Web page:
How edtech solutions can transform our schools

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Published: June 17, 2019 1:36:53 AM

The recent results of the school boards of UP and Maharashtra, for instance, point to the failure of students in their mother tongues—10 lakh students in Hindi and 2.5 lakh students in Marathi.

edtech, edtech solution, transform our schools, enrolment levels, education systems, Maharashtra SSC Board, education technology, Google, MOOC, YouTube, edtech developer, Indian education system, edtech solutionsHow edtech solutions can transform our schools

There has been a significant change in the education system over the last 10 years as per the indicators available, such as enrolment levels, completion rates and physical infrastructure available in the primary, secondary and higher education systems. While we have started taking positive strides in some of the quantitative parameters, the more worrisome factor is the quality of output of the education system.

The recent results of the school boards of UP and Maharashtra, for instance, point to the failure of students in their mother tongues—10 lakh students in Hindi and 2.5 lakh students in Marathi. In the current year, 150 schools in UP have reported that not a single student has passed and the success rate in Maharashtra SSC Board has dropped to 77%.

These instances highlight the fact that with the growth of student enrolments, it has been a challenge to keep pace with the required number of qualified faculty and providing customised attention to students to groom them well from the early stages.

It is being increasingly recognised that the vast scale and the magnitude of challenges faced in the education system can be addressed only with the help of smart edtech solutions. With significant investments in hardware and connectivity being made in the academic institutions and teachers slowly getting comfortable with them, it is time to focus on developing edtech solutions that address the specific needs of Indian schools and children. Starting with Google changing the way we seek information, MOOCs and You Tube channels are now enabling schools to use blended learning models in order to access freely available content and integrate them with classroom teaching thus enriching the learning resources for students. Adaptive learning, simulations and game based learning can supplement text books. In the days to come, visual data could replace text data and thus facilitate active engagement with the students, parents and other stakeholders.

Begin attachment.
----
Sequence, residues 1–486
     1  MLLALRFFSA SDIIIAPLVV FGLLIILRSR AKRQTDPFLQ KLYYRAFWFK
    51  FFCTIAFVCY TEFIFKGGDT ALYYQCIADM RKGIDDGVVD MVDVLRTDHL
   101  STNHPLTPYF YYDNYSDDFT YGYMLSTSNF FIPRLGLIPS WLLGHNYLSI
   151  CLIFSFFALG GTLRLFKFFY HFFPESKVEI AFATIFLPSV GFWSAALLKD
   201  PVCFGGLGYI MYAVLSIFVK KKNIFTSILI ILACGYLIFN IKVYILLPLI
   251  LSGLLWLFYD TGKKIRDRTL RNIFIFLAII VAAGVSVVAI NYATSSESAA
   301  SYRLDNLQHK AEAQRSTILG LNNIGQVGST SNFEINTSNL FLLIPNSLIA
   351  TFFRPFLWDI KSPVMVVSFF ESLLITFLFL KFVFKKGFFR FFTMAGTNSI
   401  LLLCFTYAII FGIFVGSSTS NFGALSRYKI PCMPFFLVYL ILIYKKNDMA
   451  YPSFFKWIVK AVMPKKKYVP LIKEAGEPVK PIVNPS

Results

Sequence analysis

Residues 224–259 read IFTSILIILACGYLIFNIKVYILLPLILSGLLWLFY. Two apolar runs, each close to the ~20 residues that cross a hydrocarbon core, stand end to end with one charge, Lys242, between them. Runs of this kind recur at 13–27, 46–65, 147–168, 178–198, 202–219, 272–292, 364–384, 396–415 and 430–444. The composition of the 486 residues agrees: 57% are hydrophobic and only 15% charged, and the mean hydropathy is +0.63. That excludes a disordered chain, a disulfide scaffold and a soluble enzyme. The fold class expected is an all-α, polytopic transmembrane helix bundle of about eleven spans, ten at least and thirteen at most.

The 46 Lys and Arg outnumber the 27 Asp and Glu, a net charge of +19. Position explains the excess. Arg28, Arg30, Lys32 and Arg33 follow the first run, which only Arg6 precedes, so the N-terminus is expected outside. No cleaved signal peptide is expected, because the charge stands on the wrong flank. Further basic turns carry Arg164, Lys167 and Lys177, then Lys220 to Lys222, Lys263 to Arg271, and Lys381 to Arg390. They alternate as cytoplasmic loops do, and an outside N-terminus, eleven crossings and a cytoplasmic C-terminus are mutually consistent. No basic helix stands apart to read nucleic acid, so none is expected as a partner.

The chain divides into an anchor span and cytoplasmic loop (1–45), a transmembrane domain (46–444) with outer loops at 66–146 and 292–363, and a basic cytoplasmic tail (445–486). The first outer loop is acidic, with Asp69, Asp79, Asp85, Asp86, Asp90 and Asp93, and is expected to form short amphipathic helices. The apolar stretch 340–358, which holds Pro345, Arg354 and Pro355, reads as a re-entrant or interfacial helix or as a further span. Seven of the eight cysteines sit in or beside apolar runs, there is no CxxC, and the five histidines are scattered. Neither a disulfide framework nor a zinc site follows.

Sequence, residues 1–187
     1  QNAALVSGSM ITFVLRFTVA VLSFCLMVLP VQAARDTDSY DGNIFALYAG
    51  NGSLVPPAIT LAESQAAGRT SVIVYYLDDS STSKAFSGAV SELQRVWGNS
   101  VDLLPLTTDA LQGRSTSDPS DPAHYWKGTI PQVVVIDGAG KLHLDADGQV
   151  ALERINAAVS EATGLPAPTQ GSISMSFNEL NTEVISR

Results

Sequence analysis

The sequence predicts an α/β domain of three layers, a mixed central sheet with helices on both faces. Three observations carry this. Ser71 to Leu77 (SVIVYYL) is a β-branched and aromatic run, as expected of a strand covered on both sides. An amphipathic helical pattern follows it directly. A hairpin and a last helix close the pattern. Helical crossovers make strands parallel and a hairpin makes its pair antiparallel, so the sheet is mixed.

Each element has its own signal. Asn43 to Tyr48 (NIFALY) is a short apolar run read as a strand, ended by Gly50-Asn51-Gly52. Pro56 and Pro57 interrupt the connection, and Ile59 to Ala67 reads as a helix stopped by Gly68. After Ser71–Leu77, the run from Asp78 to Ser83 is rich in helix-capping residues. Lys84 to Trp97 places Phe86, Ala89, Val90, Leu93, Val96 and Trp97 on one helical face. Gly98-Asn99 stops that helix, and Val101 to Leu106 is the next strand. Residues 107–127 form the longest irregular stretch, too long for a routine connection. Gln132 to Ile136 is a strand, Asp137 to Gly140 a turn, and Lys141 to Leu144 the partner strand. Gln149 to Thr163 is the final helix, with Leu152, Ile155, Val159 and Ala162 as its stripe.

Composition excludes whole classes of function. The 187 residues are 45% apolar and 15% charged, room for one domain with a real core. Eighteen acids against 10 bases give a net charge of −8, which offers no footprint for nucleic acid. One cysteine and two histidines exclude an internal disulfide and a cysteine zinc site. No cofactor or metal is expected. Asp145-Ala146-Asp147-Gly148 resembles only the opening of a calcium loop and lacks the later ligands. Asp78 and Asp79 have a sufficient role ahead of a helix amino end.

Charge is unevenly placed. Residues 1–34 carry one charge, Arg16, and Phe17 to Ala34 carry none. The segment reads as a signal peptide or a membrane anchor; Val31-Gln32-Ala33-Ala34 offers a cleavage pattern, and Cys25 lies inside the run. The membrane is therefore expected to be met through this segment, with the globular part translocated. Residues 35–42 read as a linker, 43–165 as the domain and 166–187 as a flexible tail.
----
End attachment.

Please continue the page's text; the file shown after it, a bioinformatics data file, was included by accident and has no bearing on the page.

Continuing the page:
Schools and teachers need to be encouraged to move away from ‘one size fits all’ approach and nurture creativity, problem-solving capability, flexibility and collaboration thus helping them overcome the limitations of their immediate environments. Using AI and analytics, enabling teachers and education policymakers to get better insights about their students and being able to outline learning paths based on personalised learning algorithms would result in manifold improvement in the outcomes. Virtual Reality and Augmented Reality can play a significant role in helping students visualise, imagine and enhance their understanding of complex subject domains.

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With the increased penetration of mobile devices, reducing cost of ownership of devices due to large volumes and robust and higher levels of connectivity, reach and access problems would no longer be the bottlenecks. Hence edtech developers need not worry about the number of users, the feasibility of integrating technology in education and willingness of adoption as all stakeholders are recognising the need for a solution to address the burning problems of quality. Training of educators and getting their buy-in would be an ongoing necessity for the successful implementation of edtech solutions. The solution lies in developing Indian education system centred innovative edtech solutions that would act as catalysts to bring out the best in both students and teachers. Edtech solutions that have excellent UX/UI and demonstrate positive learning outcomes would be embraced by the academic system.

We need to move away from positioning edtech solutions merely to supplement learning and make them integral to the teaching process. The success with this approach would largely depend upon effective collaboration formats between schools, edtech solution developers and the government to create pathbreaking solutions.

The writer is chairperson, Global Talent Track, a corporate training solutions company

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